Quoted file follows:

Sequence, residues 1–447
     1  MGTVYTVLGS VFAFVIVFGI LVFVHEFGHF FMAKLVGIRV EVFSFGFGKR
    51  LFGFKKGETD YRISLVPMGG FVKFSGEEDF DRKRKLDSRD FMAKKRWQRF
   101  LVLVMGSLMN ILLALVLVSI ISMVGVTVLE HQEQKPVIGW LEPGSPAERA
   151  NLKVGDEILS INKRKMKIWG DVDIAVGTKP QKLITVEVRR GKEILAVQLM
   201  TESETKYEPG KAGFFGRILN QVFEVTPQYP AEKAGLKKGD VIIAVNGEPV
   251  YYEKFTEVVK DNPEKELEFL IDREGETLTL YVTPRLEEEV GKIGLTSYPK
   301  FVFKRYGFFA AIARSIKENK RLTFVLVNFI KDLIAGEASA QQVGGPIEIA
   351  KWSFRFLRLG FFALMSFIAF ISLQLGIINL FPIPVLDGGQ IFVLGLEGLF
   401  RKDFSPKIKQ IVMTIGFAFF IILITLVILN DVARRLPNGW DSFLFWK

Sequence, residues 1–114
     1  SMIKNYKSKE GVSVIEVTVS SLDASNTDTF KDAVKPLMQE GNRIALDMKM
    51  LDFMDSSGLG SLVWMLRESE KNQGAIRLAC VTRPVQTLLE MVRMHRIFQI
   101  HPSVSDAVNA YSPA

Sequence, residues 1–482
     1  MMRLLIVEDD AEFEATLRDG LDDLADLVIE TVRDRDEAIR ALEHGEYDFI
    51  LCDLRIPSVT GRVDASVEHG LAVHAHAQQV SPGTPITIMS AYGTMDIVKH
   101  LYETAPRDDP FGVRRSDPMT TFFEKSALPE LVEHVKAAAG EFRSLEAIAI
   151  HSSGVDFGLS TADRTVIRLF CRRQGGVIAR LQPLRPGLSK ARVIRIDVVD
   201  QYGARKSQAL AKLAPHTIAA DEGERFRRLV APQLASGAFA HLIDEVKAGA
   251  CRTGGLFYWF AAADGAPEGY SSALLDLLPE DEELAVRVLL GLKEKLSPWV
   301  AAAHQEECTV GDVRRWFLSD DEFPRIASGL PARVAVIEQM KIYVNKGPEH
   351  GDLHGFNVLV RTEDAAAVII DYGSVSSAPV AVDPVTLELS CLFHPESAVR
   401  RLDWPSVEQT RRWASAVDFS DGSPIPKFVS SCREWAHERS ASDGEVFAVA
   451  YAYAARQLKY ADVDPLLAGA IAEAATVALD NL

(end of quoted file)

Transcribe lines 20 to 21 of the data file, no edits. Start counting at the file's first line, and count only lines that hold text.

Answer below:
   201  QYGARKSQAL AKLAPHTIAA DEGERFRRLV APQLASGAFA HLIDEVKAGA
   251  CRTGGLFYWF AAADGAPEGY SSALLDLLPE DEELAVRVLL GLKEKLSPWV